Highway 61 revisited: Mud ***1/2

By Dennis Hartley

(Originally posted on Digby’s Hullabaloo on April 27, 2013)


There’s a lot of mystery in Mud, writer-director Jeff Nichols’ modern-day Tom and Huck adventure-cum-swamp noir…not the least of which is how a 14 year-old Arkansas river rat named Neckbone came to be in possession of a Fugazi t-shirt (these are the little throwaway details in movies that keep me up nights-I’m pretty sure I need medication). However, that isn’t the central mystery; this tale is chuck-full of characters with Dark Secrets murkier than the black waters of the Mississippi that burble and roil throughout it.

The aforementioned Neckbone (Jacob Lofland) plays second fiddle to our young protagonist Ellis (Tye Sheridan). Ellis and Neckbone, who grew up together in a clannish riverbank neighborhood, kill time exploring their environs in a motorboat. While scouting a tiny island in the middle of the Mississippi, they happen upon a boat that has been stranded high up in a tree (now there’s a mystery).

Assuming that the wreck is abandoned (and being 14 year-old boys) they declare dubsies and agree to keep it a secret between the two of them. However, further exploration reveals dismaying evidence that “someone” may already have laid claim to this one-of-a-kind tree house. When they return to their own boat, fresh footprints indicate that while they were up in the tree, “someone” else was also doing some recon. Enter “Mud” (Matthew McConaughey).

Although somewhat gaunt and feral in appearance, Mud turns out to be disarmingly laid-back and soft-spoken in countenance. He is also quite the raconteur, soon regaling the impressionable lads with his tale of woe. While it may appear that he’s been living by his wits on this veritable desert island for an indeterminate amount of time, it seems that he has but recently returned to the area with a Special Purpose: to reunite with his long-time ladylove, Juniper (Reese Witherspoon).

So why doesn’t he simply make the 20-minute boat ride into town and hook up with her? Well, there’s this slight hiccup. You see, since they were last together, Juniper left him for this other guy, who turned out to be an evil, physically abusive dirt bag. So Mud ended up sort of, well, killing him. And now, the guy’s congenitally felonious family (headed by veteran hillbilly heavy Joe Don Baker) is hot on his trail and gunning for vengeance. So Mud has to lay low. Despite the preponderance of red flags, Ellis and Neckbone offer to help Mud in his righteous quest.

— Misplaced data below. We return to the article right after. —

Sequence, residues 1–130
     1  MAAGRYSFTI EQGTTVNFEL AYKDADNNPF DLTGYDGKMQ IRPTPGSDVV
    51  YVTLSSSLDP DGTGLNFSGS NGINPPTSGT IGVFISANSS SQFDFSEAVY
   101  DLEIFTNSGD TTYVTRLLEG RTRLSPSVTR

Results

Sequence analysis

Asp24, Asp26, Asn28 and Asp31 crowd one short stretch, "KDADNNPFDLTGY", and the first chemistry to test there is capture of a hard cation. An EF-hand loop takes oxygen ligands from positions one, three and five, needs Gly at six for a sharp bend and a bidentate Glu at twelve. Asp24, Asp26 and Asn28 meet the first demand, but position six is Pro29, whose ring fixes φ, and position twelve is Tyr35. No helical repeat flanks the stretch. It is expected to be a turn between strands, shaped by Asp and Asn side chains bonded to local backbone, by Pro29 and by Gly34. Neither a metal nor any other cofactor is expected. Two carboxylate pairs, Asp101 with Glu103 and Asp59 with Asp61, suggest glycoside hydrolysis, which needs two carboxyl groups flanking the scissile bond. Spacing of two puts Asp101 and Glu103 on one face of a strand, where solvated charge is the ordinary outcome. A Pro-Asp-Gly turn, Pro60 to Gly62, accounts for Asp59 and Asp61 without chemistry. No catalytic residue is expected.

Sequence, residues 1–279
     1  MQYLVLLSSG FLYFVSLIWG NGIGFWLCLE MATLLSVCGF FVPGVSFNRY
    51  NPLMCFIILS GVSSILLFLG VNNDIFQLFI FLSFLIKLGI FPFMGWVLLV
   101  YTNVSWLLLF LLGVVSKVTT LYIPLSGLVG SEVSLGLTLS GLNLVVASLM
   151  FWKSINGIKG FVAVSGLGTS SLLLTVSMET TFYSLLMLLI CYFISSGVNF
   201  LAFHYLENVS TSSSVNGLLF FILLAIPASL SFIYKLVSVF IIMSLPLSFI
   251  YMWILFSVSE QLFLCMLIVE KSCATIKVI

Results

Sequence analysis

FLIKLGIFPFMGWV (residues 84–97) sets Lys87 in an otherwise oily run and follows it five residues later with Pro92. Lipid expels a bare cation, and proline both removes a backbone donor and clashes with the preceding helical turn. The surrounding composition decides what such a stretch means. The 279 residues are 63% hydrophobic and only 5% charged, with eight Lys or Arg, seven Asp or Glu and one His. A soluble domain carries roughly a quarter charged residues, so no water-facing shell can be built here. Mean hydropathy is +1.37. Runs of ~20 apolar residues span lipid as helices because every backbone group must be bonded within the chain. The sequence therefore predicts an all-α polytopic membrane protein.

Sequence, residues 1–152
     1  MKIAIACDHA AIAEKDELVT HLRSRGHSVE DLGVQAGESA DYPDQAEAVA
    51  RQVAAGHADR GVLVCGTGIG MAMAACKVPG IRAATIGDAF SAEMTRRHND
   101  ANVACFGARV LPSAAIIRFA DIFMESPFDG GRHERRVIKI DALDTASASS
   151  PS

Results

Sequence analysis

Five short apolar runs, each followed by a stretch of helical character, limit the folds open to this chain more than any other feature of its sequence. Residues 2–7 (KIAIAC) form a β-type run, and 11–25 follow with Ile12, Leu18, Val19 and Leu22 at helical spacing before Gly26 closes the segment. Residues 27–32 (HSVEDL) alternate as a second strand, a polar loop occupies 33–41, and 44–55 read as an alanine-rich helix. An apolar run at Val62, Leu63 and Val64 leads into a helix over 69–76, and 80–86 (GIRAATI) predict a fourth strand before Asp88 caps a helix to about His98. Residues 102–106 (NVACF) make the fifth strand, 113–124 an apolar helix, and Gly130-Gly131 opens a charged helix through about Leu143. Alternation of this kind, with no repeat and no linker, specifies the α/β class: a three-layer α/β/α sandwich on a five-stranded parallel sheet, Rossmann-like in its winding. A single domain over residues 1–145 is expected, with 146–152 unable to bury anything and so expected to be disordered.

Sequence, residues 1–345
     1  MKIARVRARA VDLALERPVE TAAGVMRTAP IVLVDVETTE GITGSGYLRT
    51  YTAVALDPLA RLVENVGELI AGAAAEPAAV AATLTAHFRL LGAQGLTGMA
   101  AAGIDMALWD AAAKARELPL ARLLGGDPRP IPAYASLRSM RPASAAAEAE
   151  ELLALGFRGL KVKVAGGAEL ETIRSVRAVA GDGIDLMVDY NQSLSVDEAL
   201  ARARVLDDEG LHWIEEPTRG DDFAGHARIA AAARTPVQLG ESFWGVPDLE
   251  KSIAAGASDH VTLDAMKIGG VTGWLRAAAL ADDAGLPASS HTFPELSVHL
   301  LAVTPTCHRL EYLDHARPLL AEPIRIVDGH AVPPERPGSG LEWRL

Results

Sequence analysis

What ensues is a hybrid of Stand by Me and Whistle Down the Wind, with a touch of Tennessee Williams (the presence of a startlingly grizzled Sam Shepard lends additional Southern Gothic cred). I also got the feeling that Nichols was striving to create a sort of mythic American folk tale, in the mold of Glen Pitre’s woefully underrated 1986 gem Belizaire the Cajun; particularly in the way he immerses you in a unique regional subculture, which in this case appears to have changed little since the days of Mark Twain.

While the director’s reach may exceed his grasp at times (due in part to his busy mishmash of character study, family melodrama, coming-of-age tale, love story, mythic folk tale and suspense thriller), the strong sense of place (Adam Stone’s cinematography artfully captures the sultry atmosphere of a torpid backwater), compelling music score (by David Wingo) and excellent performances add up to a perfect Sunday matinee movie.

Walden pondering: Upstream Color ***

By Dennis Hartley

(Originally posted on Digby’s Hullabaloo on April 20, 2013)


You know all those Weekly World News-type stories about people allegedly kidnapped by aliens, who perform horrible experiments on their hapless captives before returning them to their original upright position behind the wheel of their car, now mysteriously relocated in the middle of a cornfield somewhere in Iowa? While they may have vague recollections regarding anal probes and such, these folks are generally a bit fuzzy on details. In Upstream Color, writer-director-actor Shane Carruth may be offering an explanation. At least that’s one explanation that I can offer for this fuzzy cipher.

To say this film is a riddle, wrapped in a mystery, inside an enigma is understatement. To say that it redefines the meaning of “Huh?!” may be more apt. A woman (Amy Seimitz) is jumped in an alley, tasered and then forced to ingest a creepy-crawly whatsit (all I know is that it appears to be in its larval stage) that puts her into a docile and suggestible state.

Her kidnapper however turns out to be not so much Buffalo Bill, but more Terence McKenna (I believe the original working title of this film was When Ethnobotanists Attack!) As he methodically cleans out her financial assets over a period of several days (with her “willing” cooperation) while encamped at her house, he next directs her to commit passages of Thoreau’s writings to memory (it was either that or waterboarding).